Having a primary commitment to the patient means stepping up to collaborate with the healthcare team and other professionals to solve unmet health needs. This can be a dangerous minefield for nurses working in corrections. Consider this situation I discussed in a prior post on pregnant patients.
In Staten v. Lackawanna County (2008) a 6 months pregnant inmate complained of pressure in her pelvis. She was evaluated in the jail medical unit. The nurse determined she was not in active labor yet and the patient was relocated to a camera cell. Correctional officers did not respond to information from the patient that her water had broken and that the baby was crowning. The nurse did not continue to monitor the patient once she had left the jail medical unit. The baby was born in the cell.
Not Just Cooperation
In the case above, it appears that officers and nursing staff cooperated with each other. Collaboration, however, includes much more. As this HuffPost article points out, cooperation keeps us in our divided and defined areas of practice while collaboration weaves our work together toward a common goal. In a critical health situation like high-risk active labor, both disciplines need to work as a team to accomplish a positive outcome.
Collaboration includes the following components:
- Problem-focused: Solving problems goes beyond sharing information. It involves listening, negotiating, and coming to agreement on a course of action.
- Sharing: Collaboration involves sharing thoughts and actions toward solving a problem or issue. It also involves sharing power in the relationship; a concept that may be foreign in some correctional settings.
- Working together: By working together, nurses and officers can bring their own perspectives to an issue and come to a better solution than working separately. This requires cooperation and shared responsibility.
Mutuality a Necessity
Mutual goals among nurses and officers must be encouraged and nurtured. While each profession has a different role and perspective, officers and nurses have a common goal of safety. Officers keep inmates safe from themselves and others. Nurses also seek safety from harm, injury, and illness. The officers and nurses in the situation above were not working together toward keeping the mother and unborn baby safe.
Fragmentation of care, whether the lack of coordinated officer/nurse efforts or the disconnected communication among healthcare disciplines, is a huge issue in the correctional setting. Developing collaborative relationships in both these areas reduces fragmentation and improves patient outcomes.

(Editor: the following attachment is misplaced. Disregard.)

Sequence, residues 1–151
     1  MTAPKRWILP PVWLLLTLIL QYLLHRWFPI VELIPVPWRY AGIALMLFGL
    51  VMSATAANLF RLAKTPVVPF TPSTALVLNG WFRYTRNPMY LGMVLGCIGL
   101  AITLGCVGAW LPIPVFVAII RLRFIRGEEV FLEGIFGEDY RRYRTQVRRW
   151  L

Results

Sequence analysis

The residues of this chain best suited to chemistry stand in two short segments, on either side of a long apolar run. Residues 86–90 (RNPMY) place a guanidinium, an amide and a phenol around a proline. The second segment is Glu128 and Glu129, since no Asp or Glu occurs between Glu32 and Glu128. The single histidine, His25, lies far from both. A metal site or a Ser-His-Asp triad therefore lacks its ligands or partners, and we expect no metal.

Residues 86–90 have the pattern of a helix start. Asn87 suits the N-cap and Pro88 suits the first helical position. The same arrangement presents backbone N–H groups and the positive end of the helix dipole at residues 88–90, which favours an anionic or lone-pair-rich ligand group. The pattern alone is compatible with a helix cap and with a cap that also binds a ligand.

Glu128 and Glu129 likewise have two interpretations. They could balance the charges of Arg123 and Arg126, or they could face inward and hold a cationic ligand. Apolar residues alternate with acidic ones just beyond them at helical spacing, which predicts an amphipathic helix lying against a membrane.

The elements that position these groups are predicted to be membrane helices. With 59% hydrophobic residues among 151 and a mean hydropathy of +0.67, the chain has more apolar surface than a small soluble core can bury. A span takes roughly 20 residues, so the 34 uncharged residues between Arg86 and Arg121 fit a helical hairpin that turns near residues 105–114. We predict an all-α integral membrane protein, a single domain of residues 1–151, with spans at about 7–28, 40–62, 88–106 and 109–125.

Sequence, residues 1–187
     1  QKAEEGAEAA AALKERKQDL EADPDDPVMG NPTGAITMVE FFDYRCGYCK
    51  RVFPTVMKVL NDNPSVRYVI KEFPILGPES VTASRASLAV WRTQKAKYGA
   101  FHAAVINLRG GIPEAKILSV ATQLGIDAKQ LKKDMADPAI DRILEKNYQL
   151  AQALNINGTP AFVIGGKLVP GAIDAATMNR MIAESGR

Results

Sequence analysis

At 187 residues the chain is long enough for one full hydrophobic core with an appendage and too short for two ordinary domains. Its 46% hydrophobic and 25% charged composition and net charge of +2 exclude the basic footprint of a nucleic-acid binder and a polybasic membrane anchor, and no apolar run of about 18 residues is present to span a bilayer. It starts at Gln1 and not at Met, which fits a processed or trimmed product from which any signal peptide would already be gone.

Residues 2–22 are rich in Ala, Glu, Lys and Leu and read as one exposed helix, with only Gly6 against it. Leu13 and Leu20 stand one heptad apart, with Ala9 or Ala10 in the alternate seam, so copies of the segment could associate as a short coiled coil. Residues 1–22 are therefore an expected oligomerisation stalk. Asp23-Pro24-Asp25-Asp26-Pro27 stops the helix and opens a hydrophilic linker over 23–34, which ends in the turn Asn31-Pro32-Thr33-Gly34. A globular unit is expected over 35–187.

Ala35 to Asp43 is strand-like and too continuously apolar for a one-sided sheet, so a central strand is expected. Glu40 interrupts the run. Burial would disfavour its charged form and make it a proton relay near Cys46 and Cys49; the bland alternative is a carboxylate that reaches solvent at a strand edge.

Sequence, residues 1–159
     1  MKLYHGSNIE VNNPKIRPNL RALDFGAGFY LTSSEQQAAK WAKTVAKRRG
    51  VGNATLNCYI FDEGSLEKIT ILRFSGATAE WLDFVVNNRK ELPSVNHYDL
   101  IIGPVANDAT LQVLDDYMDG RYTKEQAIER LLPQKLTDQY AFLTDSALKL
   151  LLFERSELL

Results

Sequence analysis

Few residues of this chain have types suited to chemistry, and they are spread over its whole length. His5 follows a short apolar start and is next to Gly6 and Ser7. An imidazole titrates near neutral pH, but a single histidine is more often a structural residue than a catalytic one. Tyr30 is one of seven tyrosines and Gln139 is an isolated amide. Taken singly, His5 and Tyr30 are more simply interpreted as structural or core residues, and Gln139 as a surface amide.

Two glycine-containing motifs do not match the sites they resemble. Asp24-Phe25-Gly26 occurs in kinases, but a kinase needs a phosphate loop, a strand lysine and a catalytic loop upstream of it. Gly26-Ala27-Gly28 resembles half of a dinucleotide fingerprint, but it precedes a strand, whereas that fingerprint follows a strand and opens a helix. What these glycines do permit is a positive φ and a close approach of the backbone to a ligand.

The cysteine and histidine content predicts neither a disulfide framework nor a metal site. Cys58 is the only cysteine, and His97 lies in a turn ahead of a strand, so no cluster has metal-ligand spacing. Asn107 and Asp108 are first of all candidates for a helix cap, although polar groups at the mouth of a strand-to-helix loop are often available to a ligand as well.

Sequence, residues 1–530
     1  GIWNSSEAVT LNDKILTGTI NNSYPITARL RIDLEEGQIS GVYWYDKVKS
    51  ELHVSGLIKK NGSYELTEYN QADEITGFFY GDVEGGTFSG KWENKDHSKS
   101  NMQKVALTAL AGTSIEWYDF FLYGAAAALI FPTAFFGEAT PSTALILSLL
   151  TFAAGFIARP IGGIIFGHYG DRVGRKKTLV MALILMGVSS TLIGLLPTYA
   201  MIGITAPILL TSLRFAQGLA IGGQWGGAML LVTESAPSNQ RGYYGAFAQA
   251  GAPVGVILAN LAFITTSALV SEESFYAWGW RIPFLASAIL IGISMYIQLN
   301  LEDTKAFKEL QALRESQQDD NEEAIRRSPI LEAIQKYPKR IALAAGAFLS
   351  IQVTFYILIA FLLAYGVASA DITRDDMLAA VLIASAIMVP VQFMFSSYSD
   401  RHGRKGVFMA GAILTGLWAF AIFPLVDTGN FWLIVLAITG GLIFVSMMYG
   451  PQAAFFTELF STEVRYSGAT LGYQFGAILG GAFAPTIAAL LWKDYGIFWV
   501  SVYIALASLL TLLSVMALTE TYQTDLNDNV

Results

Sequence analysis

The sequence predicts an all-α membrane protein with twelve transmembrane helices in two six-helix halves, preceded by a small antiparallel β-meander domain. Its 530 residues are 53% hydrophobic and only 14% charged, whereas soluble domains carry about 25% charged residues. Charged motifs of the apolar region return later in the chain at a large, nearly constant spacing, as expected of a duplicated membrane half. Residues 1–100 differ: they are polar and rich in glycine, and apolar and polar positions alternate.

Improving collaboration takes deliberate action and willingness among participants to be successful. Sometimes an organization can leverage a catastrophic situation like the one described above to make improvements in communication, collaboration, and teamwork. Here are a few ways to do this.
- Role Awareness: Many officers misunderstand the nurse’s role and many nurses misunderstand the officer’s role. Usually, this results in simplification of the complexities of professional practice. While officers may think nurses are mere ‘pill vending machines’; nurses may see officers as merely ‘watchers’ or ‘enforcers’. These labels underestimate the professional nature of the other.
- Skill Development: Interpersonal relationships require mutual respect and trust. They also require good communication skills. These skills may need to be developed in key participants.
- Administrative Support: The hard work of improving collaboration will not happen without continual administrative support from all levels of leadership. Old patterns and attitudes quickly return without constant reinforcement of new behaviors.
- Action Projects: Once a foundation is created for collaborative relationships, skills can be developed through collaborative projects among the targeted disciplines. Quality improvement activities are a good way to facilitate the continued development of collaborative skills.
How about you? Share a story about a successful or challenging collaboration situation you have experienced in your correctional nursing practice.
Read other posts about the Code of Ethics here.